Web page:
An illegal cannabis dispensary in Toronto has filed a suit in Federal Court to enshrine its right to sell the drug to its patients, alleging Canada's current mail-order medical marijuana system does not provide reasonable access to pot.
Phytos Apothecary and Wellness Centre alleges that, despite a Federal Court ruling last year overturning the medical marijuana rules to allow patients to grow cannabis at home, the current system still creates "significant and undue burdens" for thousands of sick Canadians trying to get reasonable access to the drug of their choice.
The statement of claim, filed Feb. 6 in Vancouver, alleges that patients are turning to the hundreds of illegal dispensaries popping up across the country because the legal system makes it too hard for them to find appropriate doses or forms of cannabis products at an affordable price.
Under the current system, it is also hard for many people to find a doctor willing to prescribe the drug or, if they want to grow their own cannabis, go through the "onerous application process and comply with stringent conditions that are neither necessary nor reasonable," the lawsuit alleges.
Phytos would apply to produce and sell cannabis to patients under the current medical pot rules, the suit states, but that licensing process takes years, "requires the expenditure of at least hundreds of thousands of dollars, and more likely millions of dollars, and contains internal barriers that are simply not able to be overcome by most applicants or would-be applicants."
The dispensary, which has one Toronto location that serves hundreds of members, is asking the court to exempt it from federal drug laws and throw out the rules of the current medical-marijuana system so that it can provide patients with reasonable access to medical pot.
Since the federal Liberals swept to power in the 2015 election promising to legalize recreational marijuana, hundreds of illegal dispensaries have opened across the country, spreading from a hub of roughly 100 in Vancouver to Toronto and cities further east.
Vancouver's approach of regulating – not raiding – its dispensaries stands in stark contrast to Toronto, where police and politicians say a continuing crackdown has become more urgent as these pot shops have become a magnet for violent thieves because some owners are reluctant to report robberies.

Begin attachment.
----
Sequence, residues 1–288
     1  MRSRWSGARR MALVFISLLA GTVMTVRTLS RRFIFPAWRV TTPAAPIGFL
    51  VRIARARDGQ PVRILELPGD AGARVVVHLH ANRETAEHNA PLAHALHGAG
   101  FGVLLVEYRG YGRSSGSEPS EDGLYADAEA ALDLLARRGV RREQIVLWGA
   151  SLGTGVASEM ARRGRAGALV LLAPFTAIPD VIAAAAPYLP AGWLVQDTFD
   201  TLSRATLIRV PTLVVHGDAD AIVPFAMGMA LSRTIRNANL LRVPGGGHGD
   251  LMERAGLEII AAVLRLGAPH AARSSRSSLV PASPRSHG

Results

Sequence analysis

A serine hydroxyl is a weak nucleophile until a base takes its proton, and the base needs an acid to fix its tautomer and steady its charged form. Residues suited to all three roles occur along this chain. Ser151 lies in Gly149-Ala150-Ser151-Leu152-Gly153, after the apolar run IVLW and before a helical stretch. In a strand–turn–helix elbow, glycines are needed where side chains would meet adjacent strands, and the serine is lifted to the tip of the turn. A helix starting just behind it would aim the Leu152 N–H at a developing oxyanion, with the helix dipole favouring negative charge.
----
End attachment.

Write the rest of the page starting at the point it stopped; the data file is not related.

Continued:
Civic and provincial politicians are waiting on the coming legalization bill to give some guidance as to where the drug may be sold once it is legalized.
In the meantime, Kirk Tousaw, the B.C.-based lawyer who won the Federal Court case last year and is now representing Phytos, says the courts must enshrine the right of Canadians to access face-to-face sales of medical marijuana.
"The aggregate cost to the taxpayer of these [dispensary] raids is in the multiple millions of dollars," Mr. Tousaw told The Globe and Mail on Wednesday.
"Patients continue to have incredible difficulties accessing cannabis lawfully through the federal model."
He said he does not know whether a judge will postpone hearing the case until the government crafts new rules for medical and recreational cannabis, but that legislation should not affect this challenge.
"It's absolutely critical that patients get taken care of, whatever legalization looks like," Mr. Tousaw said.
He said he is hoping this new lawsuit will be able to piggyback on last year's successful challenge because both argue that Ottawa's medical cannabis rules effectively force some patients to choose between their medicine and prison.
The federal government asked for a 15-day extension to file its statement of defence in this case and now has close to a month left to respond to Phytos, Mr. Tousaw said.
Health Minister Jane Philpott would not comment on the legal challenge, but her spokesperson said the current medical marijuana system will be assessed to ensure it does provide access to patients while protecting the public and keeping the drug away from children.
Health Canada would not comment on the case, as it is before the courts. A spokesperson said that the department, which is currently under fire from patients for letting licensed growers use banned pesticides, addressed the issue of reasonable access to cannabis after losing last year's court case.
"Health Canada's position on dispensaries has been consistent: These facilities are unlicensed by the federal government, illegally supplied, and sell products that may be contaminated or otherwise unsafe," Suzane Aboueid said in an e-mailed statement.